Synthetic Cannabinoids are classed as 'New Psychoactive Substances' (NPS) which are unregulated substances that have become newly available on the market as an alternative to illegal drugs. They are a designer drug in which herbs, incense or other leafy materials are sprayed with lab-synthesized liquid chemicals to mimic the psychoactive effects of marijuana. The chemicals act on the same receptor in the human body as Δ9-tetrahydrocannabinol (THC), the main active ingredient in natural marijuana.
Compounds in designer drugs tend to change frequently in order to evade identification and scheduling by the Drug Enforcement Agency (DEA), as well as detection in drug testing laboratories. Broad-spectrum drug screening via high-resolution mass spectrometry is the best way to identify any drug compounds in emergency settings where there is intoxication or poisoning.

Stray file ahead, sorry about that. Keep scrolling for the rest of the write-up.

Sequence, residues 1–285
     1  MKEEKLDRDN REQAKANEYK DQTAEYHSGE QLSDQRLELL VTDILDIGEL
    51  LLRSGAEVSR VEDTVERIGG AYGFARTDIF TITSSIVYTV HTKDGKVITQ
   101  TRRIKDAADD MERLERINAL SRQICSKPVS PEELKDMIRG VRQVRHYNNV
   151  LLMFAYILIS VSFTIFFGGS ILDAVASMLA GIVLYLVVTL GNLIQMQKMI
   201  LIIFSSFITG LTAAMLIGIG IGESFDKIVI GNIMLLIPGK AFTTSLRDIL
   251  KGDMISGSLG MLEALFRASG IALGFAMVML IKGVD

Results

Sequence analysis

However in all other cases, new diagnostic assays that specifically target the new version of the drugs must be created as small variations to the chemical structure of the compounds can decrease drug testing accuracy.
Two new generations of synthetic cannabinoids are AB-PINACA and UR-144. Meridian has just released new antibodies and BSA-conjugate pairs to these targets for use in ELISA and Lateral Flow assays.